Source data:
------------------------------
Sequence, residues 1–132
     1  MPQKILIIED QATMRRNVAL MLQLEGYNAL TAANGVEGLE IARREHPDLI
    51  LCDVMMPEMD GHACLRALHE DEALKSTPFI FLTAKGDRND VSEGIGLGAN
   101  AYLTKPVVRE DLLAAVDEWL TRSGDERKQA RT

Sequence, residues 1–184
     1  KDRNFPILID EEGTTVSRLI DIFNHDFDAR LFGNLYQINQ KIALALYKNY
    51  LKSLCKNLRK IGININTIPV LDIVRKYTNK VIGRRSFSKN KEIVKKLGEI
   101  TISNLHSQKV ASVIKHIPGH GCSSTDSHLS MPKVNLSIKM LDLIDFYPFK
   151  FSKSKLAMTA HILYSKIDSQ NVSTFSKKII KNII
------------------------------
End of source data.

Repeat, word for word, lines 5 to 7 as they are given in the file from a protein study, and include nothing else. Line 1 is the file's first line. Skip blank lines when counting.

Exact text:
Sequence, residues 1–184
     1  KDRNFPILID EEGTTVSRLI DIFNHDFDAR LFGNLYQINQ KIALALYKNY
    51  LKSLCKNLRK IGININTIPV LDIVRKYTNK VIGRRSFSKN KEIVKKLGEI